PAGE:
Rapid laminated clastic alluviation associated with increased Little Ice Age flooding co-driven by climate variability and historic land-use in the middle Severn catchment, UK
AuthorPears, Ben; Brown, Antony Gavin; Toms, Phillip S; Wood, Jamie; Pennington, Benjamin T; Jones, Richard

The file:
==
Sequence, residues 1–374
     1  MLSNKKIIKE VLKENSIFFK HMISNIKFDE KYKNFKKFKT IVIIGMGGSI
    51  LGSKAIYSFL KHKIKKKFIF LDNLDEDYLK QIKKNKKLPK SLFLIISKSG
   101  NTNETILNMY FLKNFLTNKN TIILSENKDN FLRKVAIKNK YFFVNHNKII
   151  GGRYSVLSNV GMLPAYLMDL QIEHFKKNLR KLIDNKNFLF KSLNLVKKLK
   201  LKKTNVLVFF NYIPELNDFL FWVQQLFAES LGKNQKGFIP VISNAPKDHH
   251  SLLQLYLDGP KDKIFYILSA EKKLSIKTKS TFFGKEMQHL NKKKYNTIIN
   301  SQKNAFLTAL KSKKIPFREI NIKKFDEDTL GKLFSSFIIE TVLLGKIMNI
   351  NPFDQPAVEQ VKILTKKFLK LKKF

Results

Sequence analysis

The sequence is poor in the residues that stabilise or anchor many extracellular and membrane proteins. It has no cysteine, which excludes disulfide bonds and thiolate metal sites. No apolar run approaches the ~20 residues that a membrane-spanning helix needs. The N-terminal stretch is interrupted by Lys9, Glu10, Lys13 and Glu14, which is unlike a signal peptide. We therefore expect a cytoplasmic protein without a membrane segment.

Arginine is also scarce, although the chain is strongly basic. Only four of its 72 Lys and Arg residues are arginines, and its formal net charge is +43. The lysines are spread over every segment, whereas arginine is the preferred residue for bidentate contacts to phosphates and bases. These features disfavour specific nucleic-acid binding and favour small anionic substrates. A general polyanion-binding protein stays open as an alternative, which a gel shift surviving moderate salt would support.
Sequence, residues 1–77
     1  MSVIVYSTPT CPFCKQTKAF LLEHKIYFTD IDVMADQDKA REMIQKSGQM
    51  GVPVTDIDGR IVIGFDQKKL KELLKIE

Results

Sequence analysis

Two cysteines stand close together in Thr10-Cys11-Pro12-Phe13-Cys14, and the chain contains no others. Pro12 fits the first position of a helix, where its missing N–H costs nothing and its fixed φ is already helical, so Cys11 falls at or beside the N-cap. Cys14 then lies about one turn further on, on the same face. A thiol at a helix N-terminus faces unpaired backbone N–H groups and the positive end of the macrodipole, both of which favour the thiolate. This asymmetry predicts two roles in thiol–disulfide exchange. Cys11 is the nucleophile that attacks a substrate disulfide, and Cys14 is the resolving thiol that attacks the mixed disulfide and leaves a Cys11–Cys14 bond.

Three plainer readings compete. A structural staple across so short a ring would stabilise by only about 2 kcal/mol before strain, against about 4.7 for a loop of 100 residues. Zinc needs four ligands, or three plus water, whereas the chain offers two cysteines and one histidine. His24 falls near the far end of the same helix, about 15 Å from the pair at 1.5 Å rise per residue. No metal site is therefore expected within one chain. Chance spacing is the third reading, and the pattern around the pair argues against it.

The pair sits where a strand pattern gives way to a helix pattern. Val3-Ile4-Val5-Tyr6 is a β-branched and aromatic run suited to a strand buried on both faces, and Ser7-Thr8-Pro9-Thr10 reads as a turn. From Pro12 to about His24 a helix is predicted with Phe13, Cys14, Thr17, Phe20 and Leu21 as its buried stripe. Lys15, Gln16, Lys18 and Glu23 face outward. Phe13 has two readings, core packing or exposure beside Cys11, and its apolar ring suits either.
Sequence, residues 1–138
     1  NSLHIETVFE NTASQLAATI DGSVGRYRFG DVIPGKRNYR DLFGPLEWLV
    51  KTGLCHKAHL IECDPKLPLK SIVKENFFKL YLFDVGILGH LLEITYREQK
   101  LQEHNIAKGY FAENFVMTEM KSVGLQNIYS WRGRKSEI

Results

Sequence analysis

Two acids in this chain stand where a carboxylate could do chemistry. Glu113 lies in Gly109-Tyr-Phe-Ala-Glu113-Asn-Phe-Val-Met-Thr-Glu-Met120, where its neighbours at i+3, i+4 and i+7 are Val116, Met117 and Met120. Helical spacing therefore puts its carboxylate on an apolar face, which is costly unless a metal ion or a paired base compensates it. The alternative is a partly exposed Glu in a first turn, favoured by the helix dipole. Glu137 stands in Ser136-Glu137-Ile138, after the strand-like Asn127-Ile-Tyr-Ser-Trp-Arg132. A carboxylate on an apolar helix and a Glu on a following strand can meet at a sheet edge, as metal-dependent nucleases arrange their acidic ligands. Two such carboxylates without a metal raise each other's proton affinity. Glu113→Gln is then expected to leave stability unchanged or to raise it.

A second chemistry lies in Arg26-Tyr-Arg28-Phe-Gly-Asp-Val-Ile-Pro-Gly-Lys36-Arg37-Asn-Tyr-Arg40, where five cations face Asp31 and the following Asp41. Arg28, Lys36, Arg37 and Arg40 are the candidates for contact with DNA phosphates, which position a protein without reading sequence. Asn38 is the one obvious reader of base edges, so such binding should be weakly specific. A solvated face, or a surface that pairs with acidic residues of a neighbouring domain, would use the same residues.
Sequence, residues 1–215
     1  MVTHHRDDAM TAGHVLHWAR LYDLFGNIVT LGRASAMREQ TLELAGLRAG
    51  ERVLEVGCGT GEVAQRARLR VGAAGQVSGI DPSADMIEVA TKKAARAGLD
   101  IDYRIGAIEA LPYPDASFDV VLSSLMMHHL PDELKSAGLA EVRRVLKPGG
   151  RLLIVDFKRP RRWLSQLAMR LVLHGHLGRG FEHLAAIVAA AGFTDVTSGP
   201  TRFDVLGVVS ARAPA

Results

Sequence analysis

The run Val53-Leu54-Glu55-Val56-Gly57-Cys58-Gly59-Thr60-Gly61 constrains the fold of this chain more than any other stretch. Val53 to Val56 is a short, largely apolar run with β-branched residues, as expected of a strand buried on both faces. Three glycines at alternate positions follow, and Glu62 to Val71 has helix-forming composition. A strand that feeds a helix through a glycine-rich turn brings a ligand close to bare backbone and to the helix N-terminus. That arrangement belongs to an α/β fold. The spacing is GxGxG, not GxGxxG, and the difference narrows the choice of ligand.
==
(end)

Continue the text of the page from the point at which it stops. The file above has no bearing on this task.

The analysis of exceptionally well-preserved visible clastic laminations in deep alluvial sediments at Kempsey, Worcestershire (UK), allows a new highresolution analysis of late-Holocene flood-history in the largest UK catchment, as well as local human response. At the sample site over 4.5m of sandy-silt overbank-alluvium accumulated on the floodplain and optically stimulated luminescence (OSL) dating of the upper 2.25m demonstrates accretion from the late 14th century CE onwards. Sub-centimetre to centimetre resolution multi-proxy sediment analysis (loss on ignition, magnetic susceptibility, particle size, ITRAX and portable XRF) demonstrate clear variations in depositional history over the last millennium due to channel stability. Between c. 1380 and 1550CE overbank sedimentation was driven by lower energy flood events, with negligible effect from climatic conditions during the Spörer Minimum (1460–1550CE). After c. 1550CE the magnitude of flooding events increased and by c. 1610CE, the start of the visible sub-centimetre laminations, the accumulation rate regularly exceeded 3mm year−1, which increased to 4.5mm year−1 between c. 1690 and 1710CE, and 3 and 3.5mm year−1 between c. 1790 and 1840CE before alluviation was altered by an embankment. The greatest extent of coarse overbank deposition and increased accumulation rate occur concurrently with periods of climatic instability associated with the Maunder (1645–1715CE) and Dalton (1790–1820CE) Minima, the periods of largest historical floods and during the intensification of arable cultivation across the middle Severn catchment. This data correlates well with other sites in the catchment suggesting that these are basin-wide forcing-responses. We also present evidence that this catchment-wide hydro-geomorphological history had local effects in shifting the geographical focus of an important settlement away from its historic floodplain edge location – which can be viewed as an adaptation to the flood risk.